Bioregion, Sweet, Bioregion

We talk so much about local food and its importance to environmental, food sovereignty and health concerns.   I am reading this book about permaculture and it brought up an interesting point that is a slightly different way of thinking about this issue.  Here is the quote:

“A bioregion is defined as any area,small or large, that has a clearly recognizable identity.  Many factors contribute to this identity: geological structure, soil, climate, types of vegetation, history, culture, ‘atmosphere,’ and magnetic and spiritual forces.  Some of the world’s most notable bioregions can boast well-known ‘regional’ writers, painters, musicians, and craftspeople who, its human inhabitants.  Among outstanding examples of links between art and earth are the novels of Hardy and the landscape of ‘Wessex,’ the paintings of Constable and the landscape of the Essex-Suffolk border, and the operas of Janacek and the Moravian forest.  In many parts of Europe, Asia, and Latin America, village communities can be recognized by the costumes, songs and dances of their inhabitants, many of them inspired by features of the environment.  The patterns of plants of permaculture plots, forest gardens, and other forms of land-working should also reflect the character of their bioregions.  Those who work them are most likely to benefit if their diets consist largely of the plants that contain the minerals and other nutrients peculiar to local soils, and if they subsist as much as possible on local resources, thereby giving jobs to their neighbors and minimizing the polluting effects of mechanical transport.  Such people—rooted or ‘hefted,’ to use the Scottish term, to their bioregional soils—enjoy a sense of psychological security unknown to restless city-dwellers.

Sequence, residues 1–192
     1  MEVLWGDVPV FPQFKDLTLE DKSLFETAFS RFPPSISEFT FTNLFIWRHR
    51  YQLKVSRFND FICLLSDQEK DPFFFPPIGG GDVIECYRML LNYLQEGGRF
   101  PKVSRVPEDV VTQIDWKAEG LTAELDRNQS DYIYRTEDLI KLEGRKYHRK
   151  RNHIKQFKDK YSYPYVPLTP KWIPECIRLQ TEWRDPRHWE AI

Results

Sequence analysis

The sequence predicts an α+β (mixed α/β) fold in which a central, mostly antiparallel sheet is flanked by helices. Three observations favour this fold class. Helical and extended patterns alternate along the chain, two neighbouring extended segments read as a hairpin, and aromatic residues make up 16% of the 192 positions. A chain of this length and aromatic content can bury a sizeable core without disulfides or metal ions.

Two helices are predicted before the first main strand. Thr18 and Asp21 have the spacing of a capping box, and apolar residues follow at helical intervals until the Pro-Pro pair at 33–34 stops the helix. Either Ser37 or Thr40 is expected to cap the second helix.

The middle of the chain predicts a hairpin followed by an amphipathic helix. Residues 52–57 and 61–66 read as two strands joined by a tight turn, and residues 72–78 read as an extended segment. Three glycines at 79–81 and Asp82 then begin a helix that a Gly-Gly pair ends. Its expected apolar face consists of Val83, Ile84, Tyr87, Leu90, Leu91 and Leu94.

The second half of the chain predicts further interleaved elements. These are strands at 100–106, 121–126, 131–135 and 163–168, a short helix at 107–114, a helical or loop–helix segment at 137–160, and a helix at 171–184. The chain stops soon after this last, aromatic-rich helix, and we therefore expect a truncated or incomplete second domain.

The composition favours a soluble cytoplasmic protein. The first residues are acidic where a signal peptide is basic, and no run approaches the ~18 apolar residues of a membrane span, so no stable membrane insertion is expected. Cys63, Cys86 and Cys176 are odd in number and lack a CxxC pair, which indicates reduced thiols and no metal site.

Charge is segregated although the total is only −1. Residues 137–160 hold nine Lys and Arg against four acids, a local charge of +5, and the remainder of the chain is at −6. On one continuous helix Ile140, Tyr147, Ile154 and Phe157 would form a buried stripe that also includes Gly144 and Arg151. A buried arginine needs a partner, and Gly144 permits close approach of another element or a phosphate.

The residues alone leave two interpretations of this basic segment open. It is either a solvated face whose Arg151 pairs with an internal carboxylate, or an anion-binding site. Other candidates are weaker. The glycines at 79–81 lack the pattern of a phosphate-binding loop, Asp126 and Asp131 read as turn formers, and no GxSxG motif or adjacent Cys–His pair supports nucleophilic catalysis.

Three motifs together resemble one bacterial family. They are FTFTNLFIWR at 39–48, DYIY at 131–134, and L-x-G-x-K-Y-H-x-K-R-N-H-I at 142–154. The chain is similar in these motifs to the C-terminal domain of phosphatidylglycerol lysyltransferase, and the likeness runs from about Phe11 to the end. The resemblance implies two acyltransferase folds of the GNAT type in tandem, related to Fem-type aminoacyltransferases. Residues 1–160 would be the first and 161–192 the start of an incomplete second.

Both the Highland clan and the Native American tribe are examples of bioregional organisms.  The relationship of a member of a clan or tribe to her or his duthus (the Gaelic term for communal land) has an intense and poignantly beautiful quality.  The essence of Amerindian religion lies in the effort to unify with soil, the human psyche with the rocks and rivers, the trees and wildlife of the natural environment.”
Robert Hart in “Forest Gardening: Cultivating an Edible Landscape.”  1991 Chelsea Green Publishing,  pages 14-15.

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